Myth #1: You cannot get pregnant during your period.
"You can get pregnant during your period," Dr. Mysore says. "Sperm can live inside you for 3-5 days." The average menstrual cycle is 28 days long but as mentioned, can be shorter or longer (i.e. less or more days between periods) with the range being from 21 days to 40 days. Ovulation which is typically mid-way through one's period cycle can occur during, or soon after, the bleeding phase. For some, ovulation can occur past the mid-way mark and lie closer to the bleeding phase of their cycle. "I always recommend looking out for ovulation symptoms like mild pelvic cramping, spotting, thicker discharge and mild breast tenderness".
Some have a hard time recognizing these symptoms because they can be rather mild for some and stronger for others. In that case, one way to better get in tune with your cycle, and to understand when you ovulate, is to use ovulation tests. These tests use a urine sample to detect your luteinizing hormone, which increases dramatically during ovulation. Start taking 1 test each day for at least 5 consecutive days mid-cycle, or until your test is positive. A positive test means ovulation will follow in the next 24-48 hours. Once your test is positive, you can wait until your next cycle to continue testing until you feel like you can see a consistent pattern on when you are ovulating.
Myth #2: You shouldn't use a tampon until you're old enough.
First, you should know that many women start out using pads and then switch to tampons, some go directly to tampons, some never use a tampon, and some use a combination! It's really a matter of personal preference"¦and you can use these products interchangeably.
Dr. Mysore says there's actually no right age to use a tampon. It's good to know that tampons come in different types, or formats (i.e. compact plastic applicator or cardboard applicator) and that the format doesn't make the product any more or less effective. They also come in different sizes, called absorbency levels. It's recommended that you use the lowest absorbency level possible. Especially when you are just starting out, we recommend starting with a light tampon.
She recommends reading the instructions to be sure to use it correctly. "It helps to ask someone for guidance," Dr. Mysore notes. "And remember, tampons shouldn't cause pain or discomfort." Always remember to change your tampon after 4 to 6 hours, and never leave a tampon in for more than 8 hours. After 8 hours, your risk of developing infections increases along with developing toxic shock syndrome (TSS), a rare but life-threatening condition caused by bacteria getting into the body from a bacterial source. The most important thing to remember is that no one knows your body as well as you do and all periods are unique, so always pick what feels right for your individual needs.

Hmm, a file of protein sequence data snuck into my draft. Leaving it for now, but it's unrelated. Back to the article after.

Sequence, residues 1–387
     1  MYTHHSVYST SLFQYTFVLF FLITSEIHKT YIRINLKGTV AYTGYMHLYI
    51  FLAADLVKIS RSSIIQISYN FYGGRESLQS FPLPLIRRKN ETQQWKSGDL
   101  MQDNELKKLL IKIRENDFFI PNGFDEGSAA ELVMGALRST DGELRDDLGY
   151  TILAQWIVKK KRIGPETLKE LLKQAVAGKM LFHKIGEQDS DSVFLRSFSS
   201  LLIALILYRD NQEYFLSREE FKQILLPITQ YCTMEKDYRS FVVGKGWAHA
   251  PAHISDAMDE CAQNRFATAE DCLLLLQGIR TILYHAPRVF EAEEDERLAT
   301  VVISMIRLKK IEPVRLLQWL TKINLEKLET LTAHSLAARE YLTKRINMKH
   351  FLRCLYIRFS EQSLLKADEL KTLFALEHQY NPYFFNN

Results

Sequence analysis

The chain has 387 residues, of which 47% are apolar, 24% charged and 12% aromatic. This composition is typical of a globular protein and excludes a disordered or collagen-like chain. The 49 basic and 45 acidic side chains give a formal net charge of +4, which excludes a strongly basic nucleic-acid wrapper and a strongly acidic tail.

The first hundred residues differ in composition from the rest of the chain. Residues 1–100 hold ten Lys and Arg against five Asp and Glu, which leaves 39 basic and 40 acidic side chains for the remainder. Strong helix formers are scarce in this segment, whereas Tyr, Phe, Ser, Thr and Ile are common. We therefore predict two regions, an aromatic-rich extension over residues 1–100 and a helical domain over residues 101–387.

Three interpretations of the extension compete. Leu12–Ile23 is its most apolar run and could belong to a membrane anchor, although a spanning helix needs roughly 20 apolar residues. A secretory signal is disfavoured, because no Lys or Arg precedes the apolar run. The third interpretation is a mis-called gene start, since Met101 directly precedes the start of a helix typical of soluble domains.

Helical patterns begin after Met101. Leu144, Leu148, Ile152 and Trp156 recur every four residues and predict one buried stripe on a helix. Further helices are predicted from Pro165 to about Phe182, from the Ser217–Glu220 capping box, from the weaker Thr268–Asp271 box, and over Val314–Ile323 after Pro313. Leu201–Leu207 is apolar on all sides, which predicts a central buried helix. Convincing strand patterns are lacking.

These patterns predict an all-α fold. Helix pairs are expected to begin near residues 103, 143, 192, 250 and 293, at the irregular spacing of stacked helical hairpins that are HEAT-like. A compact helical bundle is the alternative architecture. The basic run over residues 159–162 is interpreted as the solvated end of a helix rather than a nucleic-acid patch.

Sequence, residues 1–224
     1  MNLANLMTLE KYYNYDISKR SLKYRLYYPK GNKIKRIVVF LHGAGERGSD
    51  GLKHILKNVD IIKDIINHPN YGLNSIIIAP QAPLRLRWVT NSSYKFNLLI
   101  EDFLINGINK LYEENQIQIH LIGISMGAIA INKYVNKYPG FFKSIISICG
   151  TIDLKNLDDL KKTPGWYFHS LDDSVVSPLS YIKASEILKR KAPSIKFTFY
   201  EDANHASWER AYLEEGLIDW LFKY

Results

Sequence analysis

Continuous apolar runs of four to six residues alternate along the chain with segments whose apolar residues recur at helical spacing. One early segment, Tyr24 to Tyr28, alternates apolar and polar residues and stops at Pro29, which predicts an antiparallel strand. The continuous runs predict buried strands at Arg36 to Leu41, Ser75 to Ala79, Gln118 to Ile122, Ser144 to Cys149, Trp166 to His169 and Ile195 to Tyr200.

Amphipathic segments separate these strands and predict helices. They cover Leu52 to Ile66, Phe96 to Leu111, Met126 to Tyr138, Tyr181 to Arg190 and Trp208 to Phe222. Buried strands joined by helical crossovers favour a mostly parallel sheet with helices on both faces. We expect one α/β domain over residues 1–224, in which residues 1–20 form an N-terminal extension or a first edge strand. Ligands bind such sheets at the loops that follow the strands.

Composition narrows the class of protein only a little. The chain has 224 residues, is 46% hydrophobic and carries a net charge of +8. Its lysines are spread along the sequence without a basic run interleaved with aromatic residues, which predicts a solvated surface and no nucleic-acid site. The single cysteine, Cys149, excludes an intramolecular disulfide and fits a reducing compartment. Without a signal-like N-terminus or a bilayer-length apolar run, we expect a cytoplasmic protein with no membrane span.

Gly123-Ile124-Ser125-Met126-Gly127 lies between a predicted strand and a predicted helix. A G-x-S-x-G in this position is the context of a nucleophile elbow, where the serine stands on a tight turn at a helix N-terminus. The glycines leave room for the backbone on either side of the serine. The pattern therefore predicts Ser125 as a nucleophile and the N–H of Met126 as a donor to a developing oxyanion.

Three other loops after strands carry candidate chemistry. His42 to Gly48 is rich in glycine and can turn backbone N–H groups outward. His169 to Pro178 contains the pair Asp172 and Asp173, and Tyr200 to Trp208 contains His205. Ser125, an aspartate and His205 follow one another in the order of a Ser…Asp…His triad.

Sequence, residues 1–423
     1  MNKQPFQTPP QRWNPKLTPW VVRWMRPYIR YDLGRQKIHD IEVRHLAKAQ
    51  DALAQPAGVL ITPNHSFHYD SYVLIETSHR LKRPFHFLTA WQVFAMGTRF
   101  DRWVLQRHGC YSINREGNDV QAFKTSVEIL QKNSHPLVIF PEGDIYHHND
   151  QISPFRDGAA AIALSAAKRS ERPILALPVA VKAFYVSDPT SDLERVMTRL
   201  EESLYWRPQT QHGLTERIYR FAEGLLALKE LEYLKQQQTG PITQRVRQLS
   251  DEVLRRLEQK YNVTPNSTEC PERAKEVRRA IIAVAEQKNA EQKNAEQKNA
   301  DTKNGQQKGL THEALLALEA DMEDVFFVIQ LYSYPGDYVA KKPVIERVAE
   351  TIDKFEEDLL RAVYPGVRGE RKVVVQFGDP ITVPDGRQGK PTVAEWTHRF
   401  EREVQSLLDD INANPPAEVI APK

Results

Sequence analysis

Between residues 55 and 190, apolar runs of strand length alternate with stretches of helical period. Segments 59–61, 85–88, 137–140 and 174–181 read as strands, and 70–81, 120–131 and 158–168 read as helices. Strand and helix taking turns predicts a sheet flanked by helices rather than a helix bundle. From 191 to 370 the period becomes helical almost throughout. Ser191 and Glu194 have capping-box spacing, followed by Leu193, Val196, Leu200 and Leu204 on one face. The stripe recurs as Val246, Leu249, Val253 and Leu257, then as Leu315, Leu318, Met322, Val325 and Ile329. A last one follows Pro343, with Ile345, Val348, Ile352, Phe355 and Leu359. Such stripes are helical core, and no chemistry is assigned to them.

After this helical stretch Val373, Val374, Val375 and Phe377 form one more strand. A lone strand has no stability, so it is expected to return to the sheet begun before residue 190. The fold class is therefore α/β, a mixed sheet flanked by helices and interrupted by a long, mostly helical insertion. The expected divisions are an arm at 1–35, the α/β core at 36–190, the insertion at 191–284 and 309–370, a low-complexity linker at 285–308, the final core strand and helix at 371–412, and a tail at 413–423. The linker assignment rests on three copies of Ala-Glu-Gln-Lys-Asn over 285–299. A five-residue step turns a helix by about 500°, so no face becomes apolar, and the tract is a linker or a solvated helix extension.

Myth #3: Premenstrual Syndrome (PMS) is all in your head
Premenstrual syndrome (PMS) which typically occurs one week before your period is actually a combination of symptoms associated with your period, and it causes symptoms such as irritability, fatigue, anxiety, or feelings of sadness before or during your period, Dr. Mysore says. "Over 90% of women in the US experience at least one of these symptoms right before or during their period," she adds.
Myth #4: Menstrual cycles are 28 days and last 7 days.
Dr. Mysore says that in fact, menstrual cycles vary from woman to woman and will change in length and frequency over time. Most menstrual cycles might occur every 21 to 35 days and last two to seven days with the average being 28 days and lasting 7 days. Tracking your cycle is the best way to figure out what your cycle length is "“ this could be using pen and paper or with one of the many apps that help track your cycle.
Myth #5: Menstrual blood is different from regular blood.
"Menstrual blood is regular blood," Dr. Mysore says. "Vaginas are part of the body so there is nothing different about menstrual blood." Menstrual blood comes from the shedding of our endometrium - which is the lining that can be found inside the uterus. The average volume of menstrual fluid is between 3 and 8 tablespoons per period, and every day is different. You may experience days of heavy flow and notice dark clumps or clots (smaller than a quarter) during your period. Or you may experience days of light flow where the color is more red than brown. At the beginning of your period the blood flow is typically thinner with more volume versus later in your period when it is typically a thicker consistency and lower volume.
Myth #6: You get a period when on the birth control pill that has estrogen and progesterone.
"You actually are not having your period when you are on a combined birth control that has estrogen and progesterone. You are having a "˜bleed' from withdrawal of those hormones during your placebo week (i.e. when taking the "˜sugar pills')" Dr. Mysore says.